Jan 19, 2013 0
Immigration reform, climate change, the foreclosure crisis: with some disappointment over limited progress on these issues over the past four years, local activists hope more will be done in President Obama’s second term.
While support for comprehensive immigration reform has broadened noticeably since the November election, immigrant rights groups are concerned over dramatically stepped-up deportations under Obama, which reached 409,000 last year.
They’ll march on Inauguration Day (Monday, January 21, starting at 11 a.m. at the Daley Plaza and rallying at 12 noon at the Federal Plaza) calling on Obama to declare a moratorium on deporations.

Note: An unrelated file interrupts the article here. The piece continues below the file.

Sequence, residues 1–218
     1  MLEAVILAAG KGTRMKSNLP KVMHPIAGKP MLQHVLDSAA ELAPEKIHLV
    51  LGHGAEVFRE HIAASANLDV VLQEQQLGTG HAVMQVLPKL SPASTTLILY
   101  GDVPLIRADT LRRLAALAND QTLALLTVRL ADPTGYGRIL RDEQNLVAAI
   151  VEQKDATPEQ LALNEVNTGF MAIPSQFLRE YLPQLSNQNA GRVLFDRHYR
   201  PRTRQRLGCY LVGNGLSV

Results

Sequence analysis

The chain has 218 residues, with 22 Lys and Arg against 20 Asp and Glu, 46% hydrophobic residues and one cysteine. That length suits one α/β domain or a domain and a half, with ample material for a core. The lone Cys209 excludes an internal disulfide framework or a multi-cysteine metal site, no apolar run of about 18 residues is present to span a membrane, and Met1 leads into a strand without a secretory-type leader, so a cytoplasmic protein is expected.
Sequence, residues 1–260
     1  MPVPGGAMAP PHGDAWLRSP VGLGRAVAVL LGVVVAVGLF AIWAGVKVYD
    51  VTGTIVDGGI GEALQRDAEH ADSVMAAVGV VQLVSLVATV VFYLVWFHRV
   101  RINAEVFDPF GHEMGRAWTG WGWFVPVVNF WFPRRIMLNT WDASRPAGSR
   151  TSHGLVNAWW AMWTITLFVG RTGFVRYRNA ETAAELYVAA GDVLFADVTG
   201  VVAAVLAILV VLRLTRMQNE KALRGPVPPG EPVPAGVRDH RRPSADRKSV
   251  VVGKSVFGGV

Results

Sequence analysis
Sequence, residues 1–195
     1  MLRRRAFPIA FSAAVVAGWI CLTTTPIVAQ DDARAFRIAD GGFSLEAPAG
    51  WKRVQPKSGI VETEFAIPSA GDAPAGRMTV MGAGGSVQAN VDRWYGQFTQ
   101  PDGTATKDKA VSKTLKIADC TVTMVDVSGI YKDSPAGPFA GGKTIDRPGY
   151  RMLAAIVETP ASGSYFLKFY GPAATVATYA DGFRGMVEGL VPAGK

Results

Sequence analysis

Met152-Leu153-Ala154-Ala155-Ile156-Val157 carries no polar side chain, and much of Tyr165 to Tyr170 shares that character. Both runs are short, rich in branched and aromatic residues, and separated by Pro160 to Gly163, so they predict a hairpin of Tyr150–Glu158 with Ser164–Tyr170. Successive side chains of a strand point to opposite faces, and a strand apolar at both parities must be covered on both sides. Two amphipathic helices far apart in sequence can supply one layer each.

A moratorium would be a first step toward comprehensive reform, said Eric Rodriguez, executive director of the Latino Union of Chicago.
“We want the president to be on the right side of history,” he said. “His second term will define his legacy. Will he be the president who deported more people than any other in history, or the president responsible for championing inclusion and equality?”
Immigration raids are a constant threat in Chicago communities today, said Tania Unzueta of the Immigant Youth Justice League; just last week scores of local residents were picked up in raids on a factory and two gathering places for day laborers. IYJL is working to support several families who have members in detention, she said.
“Obama says he wants to do the right thing and keep families together, but we aren’t seeing it in our communities,” she said.